Downtown Lifestyle District / Center City District



  • edited April 2017

    That it was a 4-4 split on the planning commission makes it hard for me to see the full council rejecting this. Then again, we are talking about the East Lansing City Council.

    As for downtown, realistically, Burcham should have been made the northern boundary of a greater downtown area from the beginning (and either Bailey or Collingwood to the east). I'm not talking towers all the way up to Burcham or anything, but there should have been a "fringe" downtown kind of nothing zoning for the area immediately north of the core that would have allowed for more dense housing (duplexes, apartment buildings), small office buildings, and neighborhood retail. There is already this kind of zoning along Abbot in this part area immediately north of downtown, but it should have extended to everything east of that.

    Since that didn't happen, it's going to take decades for this to ever happen. That would mean a masterplan for the area, gaining parcels by attrition and rezoning them as they become available, etc.

  • So this is still on despite the most recent vote?

  • Yeah the most recent vote acts as a recommendation for/against but the city council has ignored the planning commission before.
  • I lived in a very small town for a long time, they had a town meeting every year and anyone from town could speak, offer ideas, and criticisms [a lot of the latter] and I swear even with all those voices they got big things done. They agreed on and built a new sewer system, rebuilt and repaved the main street, rebuilt the town wharf,installed all new LED street lighting, and reorganized and rebuilt the town's school system among other projects . This was all in the last 5 or 6 years and they are now about to build a new police station. Why can't just few people come to a common view in East Lansing, and agree on a vision for the the kind of downtown they want have. I think people with too much individual power keep putting their own personal taste ahead of what would be best for the city as a whole. What do they have to point to, as evidence that the city "could not support" two large developments downtown?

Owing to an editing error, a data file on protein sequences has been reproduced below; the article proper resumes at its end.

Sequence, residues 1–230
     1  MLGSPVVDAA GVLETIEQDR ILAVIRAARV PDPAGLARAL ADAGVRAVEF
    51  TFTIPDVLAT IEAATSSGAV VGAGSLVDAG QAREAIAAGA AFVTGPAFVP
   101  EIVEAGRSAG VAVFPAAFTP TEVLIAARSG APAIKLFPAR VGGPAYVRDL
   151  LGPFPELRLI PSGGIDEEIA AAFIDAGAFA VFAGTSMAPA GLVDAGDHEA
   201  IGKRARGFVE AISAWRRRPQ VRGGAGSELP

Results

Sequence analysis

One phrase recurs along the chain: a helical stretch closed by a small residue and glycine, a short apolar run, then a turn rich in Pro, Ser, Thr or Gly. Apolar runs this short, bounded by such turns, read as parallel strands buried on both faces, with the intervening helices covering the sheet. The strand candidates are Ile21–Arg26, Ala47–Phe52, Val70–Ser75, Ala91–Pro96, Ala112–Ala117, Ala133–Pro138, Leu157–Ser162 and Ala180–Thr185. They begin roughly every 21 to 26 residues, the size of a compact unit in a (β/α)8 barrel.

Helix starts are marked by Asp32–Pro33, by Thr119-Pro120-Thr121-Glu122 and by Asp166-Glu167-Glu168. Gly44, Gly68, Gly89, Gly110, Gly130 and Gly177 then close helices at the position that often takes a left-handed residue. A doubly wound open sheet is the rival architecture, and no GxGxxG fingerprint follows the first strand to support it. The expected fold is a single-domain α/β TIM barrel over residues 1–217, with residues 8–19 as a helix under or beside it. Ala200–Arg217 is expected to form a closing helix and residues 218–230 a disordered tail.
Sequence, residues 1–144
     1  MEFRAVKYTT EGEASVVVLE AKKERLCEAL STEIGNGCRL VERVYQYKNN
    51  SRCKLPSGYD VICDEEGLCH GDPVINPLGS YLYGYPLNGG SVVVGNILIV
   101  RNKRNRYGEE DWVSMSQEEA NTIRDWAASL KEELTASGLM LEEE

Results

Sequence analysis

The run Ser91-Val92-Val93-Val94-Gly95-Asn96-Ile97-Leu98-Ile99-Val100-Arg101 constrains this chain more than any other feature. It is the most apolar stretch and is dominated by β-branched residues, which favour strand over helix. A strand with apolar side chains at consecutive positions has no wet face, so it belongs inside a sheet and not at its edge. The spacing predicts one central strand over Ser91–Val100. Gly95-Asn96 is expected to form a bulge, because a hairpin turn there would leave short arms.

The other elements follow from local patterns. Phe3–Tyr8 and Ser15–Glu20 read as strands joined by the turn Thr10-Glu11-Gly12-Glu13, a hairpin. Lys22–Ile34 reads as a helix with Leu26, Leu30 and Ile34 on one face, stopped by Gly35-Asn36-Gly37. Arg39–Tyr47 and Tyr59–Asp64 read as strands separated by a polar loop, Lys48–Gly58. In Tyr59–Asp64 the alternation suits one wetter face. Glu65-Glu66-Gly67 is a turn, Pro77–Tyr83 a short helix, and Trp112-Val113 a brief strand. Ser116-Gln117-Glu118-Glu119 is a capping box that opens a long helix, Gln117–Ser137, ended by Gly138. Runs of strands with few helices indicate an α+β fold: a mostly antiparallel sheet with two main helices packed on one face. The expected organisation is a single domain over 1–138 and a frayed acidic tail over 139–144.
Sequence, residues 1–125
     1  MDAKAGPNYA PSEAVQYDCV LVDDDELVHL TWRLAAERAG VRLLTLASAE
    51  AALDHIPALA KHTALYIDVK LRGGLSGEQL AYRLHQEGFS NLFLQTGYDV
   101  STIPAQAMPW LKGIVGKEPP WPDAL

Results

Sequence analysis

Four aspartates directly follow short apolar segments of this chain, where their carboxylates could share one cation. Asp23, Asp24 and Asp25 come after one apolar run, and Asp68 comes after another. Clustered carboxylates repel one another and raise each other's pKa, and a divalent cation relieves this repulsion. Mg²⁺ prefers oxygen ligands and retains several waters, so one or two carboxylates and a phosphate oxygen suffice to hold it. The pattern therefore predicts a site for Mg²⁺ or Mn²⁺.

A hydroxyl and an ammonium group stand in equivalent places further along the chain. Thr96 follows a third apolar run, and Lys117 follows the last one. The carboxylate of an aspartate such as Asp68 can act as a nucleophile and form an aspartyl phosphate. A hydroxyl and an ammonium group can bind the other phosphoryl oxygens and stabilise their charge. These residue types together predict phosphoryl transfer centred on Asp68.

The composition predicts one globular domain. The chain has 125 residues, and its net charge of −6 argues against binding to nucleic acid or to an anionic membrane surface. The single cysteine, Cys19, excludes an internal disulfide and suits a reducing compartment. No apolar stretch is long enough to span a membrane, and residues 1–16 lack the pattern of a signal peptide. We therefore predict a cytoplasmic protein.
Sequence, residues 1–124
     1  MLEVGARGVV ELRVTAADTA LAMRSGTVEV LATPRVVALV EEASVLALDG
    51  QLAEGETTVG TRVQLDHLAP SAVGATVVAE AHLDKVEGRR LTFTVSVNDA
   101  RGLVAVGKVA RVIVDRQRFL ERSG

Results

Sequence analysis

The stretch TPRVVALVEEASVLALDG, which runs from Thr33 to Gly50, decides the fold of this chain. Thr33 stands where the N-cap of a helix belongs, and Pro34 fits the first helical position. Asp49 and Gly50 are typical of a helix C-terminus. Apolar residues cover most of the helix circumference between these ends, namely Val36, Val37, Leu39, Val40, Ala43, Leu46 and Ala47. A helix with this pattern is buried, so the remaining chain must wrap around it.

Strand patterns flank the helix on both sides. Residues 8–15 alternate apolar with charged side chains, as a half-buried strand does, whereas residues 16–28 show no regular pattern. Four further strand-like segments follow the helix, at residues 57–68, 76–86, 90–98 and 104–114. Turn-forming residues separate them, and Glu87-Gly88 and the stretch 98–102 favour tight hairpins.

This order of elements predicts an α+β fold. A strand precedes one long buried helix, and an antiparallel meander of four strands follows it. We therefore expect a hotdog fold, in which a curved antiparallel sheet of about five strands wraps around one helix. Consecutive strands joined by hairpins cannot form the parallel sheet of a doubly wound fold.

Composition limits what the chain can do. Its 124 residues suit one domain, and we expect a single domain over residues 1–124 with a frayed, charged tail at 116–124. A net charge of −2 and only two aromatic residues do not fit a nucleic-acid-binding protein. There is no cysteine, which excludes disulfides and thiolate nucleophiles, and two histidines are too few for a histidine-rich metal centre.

• edited May 2017

    Looks like NIMBYs were successful in getting this one chopped down. There looks to now only be one building which is now only 10 stories. I do have to say I like the architecture of this one better, though. Also, Park District has apparently been lowered from 140 feet to about 132 feet.

    Because of the changes, the developers will not be asking the City Council to approve the site plan or the $52-million brownfield plan during Tuesday night's meeting. A public hearing is scheduled for Tuesday, but there will likely be no vote since the developers need to submit revised plans.

    A new site plan and brownfield plan could go before council on May 23 or June 6, said Mark Bell, CEO of Harbor Bay, during a community forum he hosted on the project at Lotsa Pizza in downtown East Lansing on Monday.

    It was not clear when exactly those plans would be resubmitted to the city.

    The $132-million cost of the project might also change as well, said Brad Ballein, of Ballein Management.

  • I do like the look of this design, I think this is the Albert Street side, it looks more like the brick faced buildings in the area.They have described it as a two ten story buildings on the radio news, and there looks to be another building next to the apartment"?"building. It looks like it fits in there better than the last depiction. I know some people in E.L. will never be happy with anything other a two story building so I hope they will just get on with this project.

  • I can't really tell. If it's two buildings, still, then they've reoriented them with them being right across from each other, in which case, the inward-facing apartments would have horrible views. Seems to me that if it were still two seperate buildings, they'd have kept the original orientations (one further east-west than the other.)

  • Depending on how they build it there may not be any inward facing apartments. They could put the hallways along the alley and each apartment could run the length of the building.
  • They certainly could. I was just looking at the other "building" peeking out from behind the other one in that rendering, and it looks to be the same window set-up as the one we see in front, which would imply it's inward-facing apartments. Then again, the perspective could just be deceiving and maybe the gap between the two buildings/wings is wider than it appears.

    Really would love to see East Lansing update their website on this one.

  • Greater Lansing Business Monthly has an article on this project along with a rendering showing it in relation to Park District: Center City District development- Ushering in a new era for East Lansing

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